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Testing Leader Election (in Raft) using Akka, without Thread.sleep() ;-)

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Testing Leader Election (in Raft) using Akka, without Thread.sleep() ;-)

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As I’m currently living in London and miss the Kraków SCKRK Reading Club meetings a lot – (they’re basically the best thing since sliced bread!). Even though I do I attend them remotely anyway nowadays, I still miss having proper discussions on science papers. The same feeling struck me and  some friends (Andrzej from GeeCON, to name one) decided to start a similar initiative in London. It’s called Paper Cup, the Reading Club, and is a “reading club”, which means that we select Computer Science Whitepapers to read, read them at home, and then during a meeting discuss them fiercly :-)

For this week’s meeting we decided to read Raft (Raft – In Search of an Understandable Consensus Algorithm), which is “very trendy” right now (and relatively fresh; the paper is from Oct 2013!). But to sum it up quickly – it’s an algorithm trying to solve the same problem as Paxos (achieving consensus in distributed systems), yet being understandable at the same time. We did read Paxos more than a few times (theLamport’s “Paxos Made Simple” paper for example), but it was always a challenge to get everything right with it. Raft’s authors on the other hand really wanted the algorithm to be understandable, as well as still “good enough” performance wise.

As the algorithm is really so nice, and described in terms of a simple State Machine, I figured I’d implement it using Akka (and FSM) for the next meeting, and another friend is implementing it on Clojure. To be fair, it seems I’m not the first person to have figured out that Akka’s FSM and Actors in general will make this super fun to implement – there are already some repos doing exactly that (well, some of them being “initial commit” ;-)). In this post I won’t be focusing on the algorithm itself, but rather, would like to share a useful technique when you implement a thing like this, and would like to write a “big test”, that asserts from a high point of view that the system performs as you’d expect.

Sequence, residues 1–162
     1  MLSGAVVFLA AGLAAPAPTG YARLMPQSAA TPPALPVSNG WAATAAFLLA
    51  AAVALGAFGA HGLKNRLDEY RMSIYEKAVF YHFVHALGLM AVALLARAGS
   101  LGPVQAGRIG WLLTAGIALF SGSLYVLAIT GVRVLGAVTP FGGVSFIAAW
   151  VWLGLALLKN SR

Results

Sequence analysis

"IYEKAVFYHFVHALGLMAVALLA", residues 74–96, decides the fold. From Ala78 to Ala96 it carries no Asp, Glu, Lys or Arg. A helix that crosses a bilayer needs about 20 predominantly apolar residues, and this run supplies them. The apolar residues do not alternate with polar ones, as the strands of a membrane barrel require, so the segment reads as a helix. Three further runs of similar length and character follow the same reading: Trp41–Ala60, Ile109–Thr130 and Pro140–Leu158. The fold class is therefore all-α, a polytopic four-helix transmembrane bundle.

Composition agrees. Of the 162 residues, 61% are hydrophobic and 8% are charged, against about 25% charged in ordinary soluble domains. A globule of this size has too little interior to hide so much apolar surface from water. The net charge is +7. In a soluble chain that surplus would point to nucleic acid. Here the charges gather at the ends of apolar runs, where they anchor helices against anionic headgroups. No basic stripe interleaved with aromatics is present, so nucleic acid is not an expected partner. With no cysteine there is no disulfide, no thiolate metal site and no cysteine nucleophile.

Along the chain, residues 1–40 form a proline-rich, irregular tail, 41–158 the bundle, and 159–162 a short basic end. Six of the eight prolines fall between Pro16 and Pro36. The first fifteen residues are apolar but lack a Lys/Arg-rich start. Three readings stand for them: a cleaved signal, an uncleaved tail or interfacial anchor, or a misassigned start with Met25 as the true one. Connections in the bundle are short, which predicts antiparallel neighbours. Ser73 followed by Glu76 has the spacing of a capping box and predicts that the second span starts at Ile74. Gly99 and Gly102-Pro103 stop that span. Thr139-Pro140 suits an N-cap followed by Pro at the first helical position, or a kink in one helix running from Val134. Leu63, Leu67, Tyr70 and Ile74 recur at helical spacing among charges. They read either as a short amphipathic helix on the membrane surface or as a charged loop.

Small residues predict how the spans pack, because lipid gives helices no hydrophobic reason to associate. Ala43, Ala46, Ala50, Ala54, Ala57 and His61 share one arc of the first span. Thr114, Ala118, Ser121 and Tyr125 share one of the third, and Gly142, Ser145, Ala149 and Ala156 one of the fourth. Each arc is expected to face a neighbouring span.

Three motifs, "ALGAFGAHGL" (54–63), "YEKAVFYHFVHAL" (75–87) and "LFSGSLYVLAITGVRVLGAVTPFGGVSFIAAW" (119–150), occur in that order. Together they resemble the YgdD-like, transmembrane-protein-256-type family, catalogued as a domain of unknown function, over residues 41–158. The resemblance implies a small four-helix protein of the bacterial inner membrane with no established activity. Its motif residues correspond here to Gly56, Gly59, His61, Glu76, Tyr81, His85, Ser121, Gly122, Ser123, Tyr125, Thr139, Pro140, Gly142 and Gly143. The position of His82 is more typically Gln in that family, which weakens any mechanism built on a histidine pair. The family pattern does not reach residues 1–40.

The test case we’ll talk about is very simple:

  1. Raft should elect a leader right away after the nodes start
  2. Raft should re-elect a leader if we kill the current one

As I already said, we won’t be diving into the algorithm here – if you’re curious you can just read the whitepaper (and maybe even drop by for PaperCup? :-)).
Let’s jump right into the tests:

it should "elect initial Leader" in {
  // given
  info("Before election: ")
  // when
  info("After election: ")
  // then
  members.count(_.stateName == Leader) should equal (1)
  members.count(_.stateName == Candidate) should equal (0)
  members.count(_.stateName == Follower) should equal (4)
it should "elect replacement Leader if current Leader dies" in {
  // given
  // when
  val leaderToStop = leader.get
  info(s"Stopped leader: ${simpleName(leaderToStop)}")
  // then
  info("New leader elected: ")
  members.count(_.stateName == Leader) should equal (1)
  members.count(_.stateName == Candidate) should equal (0)
  members.count(_.stateName == Follower) should equal (3)
Assume we’ve already spun up a few actors  performing the Raft algorithm (talking with each other in order to find a leader) before executing these tests. The setup itself is not so interesting, and you can check the full  test “base” file on github  if you’re interested. Now the real question as with all async algorithms is “ how long do I wait for completion? “. The answer in our case is “ Until someone becomes Leader. “ So we want to be fishing for such a transition, or message stating this change in the raft cluster.